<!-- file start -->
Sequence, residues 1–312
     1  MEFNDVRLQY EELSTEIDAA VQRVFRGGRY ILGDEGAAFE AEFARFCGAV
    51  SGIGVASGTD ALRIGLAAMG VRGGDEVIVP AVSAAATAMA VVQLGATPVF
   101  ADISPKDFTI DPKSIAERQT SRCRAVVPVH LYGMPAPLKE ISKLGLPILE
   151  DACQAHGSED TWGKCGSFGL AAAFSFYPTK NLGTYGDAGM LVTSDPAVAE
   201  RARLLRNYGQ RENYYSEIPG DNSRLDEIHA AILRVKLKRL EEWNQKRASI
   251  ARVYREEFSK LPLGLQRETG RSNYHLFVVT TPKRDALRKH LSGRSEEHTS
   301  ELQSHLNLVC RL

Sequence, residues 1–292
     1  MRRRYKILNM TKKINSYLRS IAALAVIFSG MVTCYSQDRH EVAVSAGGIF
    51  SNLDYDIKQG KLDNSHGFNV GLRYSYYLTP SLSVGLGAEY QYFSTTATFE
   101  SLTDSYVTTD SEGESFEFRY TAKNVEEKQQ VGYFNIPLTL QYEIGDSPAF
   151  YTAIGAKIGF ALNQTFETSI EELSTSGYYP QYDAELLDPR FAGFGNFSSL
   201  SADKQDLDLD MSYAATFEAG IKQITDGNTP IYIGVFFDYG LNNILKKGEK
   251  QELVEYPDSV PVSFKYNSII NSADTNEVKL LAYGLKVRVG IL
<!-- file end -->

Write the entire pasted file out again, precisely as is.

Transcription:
Sequence, residues 1–312
     1  MEFNDVRLQY EELSTEIDAA VQRVFRGGRY ILGDEGAAFE AEFARFCGAV
    51  SGIGVASGTD ALRIGLAAMG VRGGDEVIVP AVSAAATAMA VVQLGATPVF
   101  ADISPKDFTI DPKSIAERQT SRCRAVVPVH LYGMPAPLKE ISKLGLPILE
   151  DACQAHGSED TWGKCGSFGL AAAFSFYPTK NLGTYGDAGM LVTSDPAVAE
   201  RARLLRNYGQ RENYYSEIPG DNSRLDEIHA AILRVKLKRL EEWNQKRASI
   251  ARVYREEFSK LPLGLQRETG RSNYHLFVVT TPKRDALRKH LSGRSEEHTS
   301  ELQSHLNLVC RL

Sequence, residues 1–292
     1  MRRRYKILNM TKKINSYLRS IAALAVIFSG MVTCYSQDRH EVAVSAGGIF
    51  SNLDYDIKQG KLDNSHGFNV GLRYSYYLTP SLSVGLGAEY QYFSTTATFE
   101  SLTDSYVTTD SEGESFEFRY TAKNVEEKQQ VGYFNIPLTL QYEIGDSPAF
   151  YTAIGAKIGF ALNQTFETSI EELSTSGYYP QYDAELLDPR FAGFGNFSSL
   201  SADKQDLDLD MSYAATFEAG IKQITDGNTP IYIGVFFDYG LNNILKKGEK
   251  QELVEYPDSV PVSFKYNSII NSADTNEVKL LAYGLKVRVG IL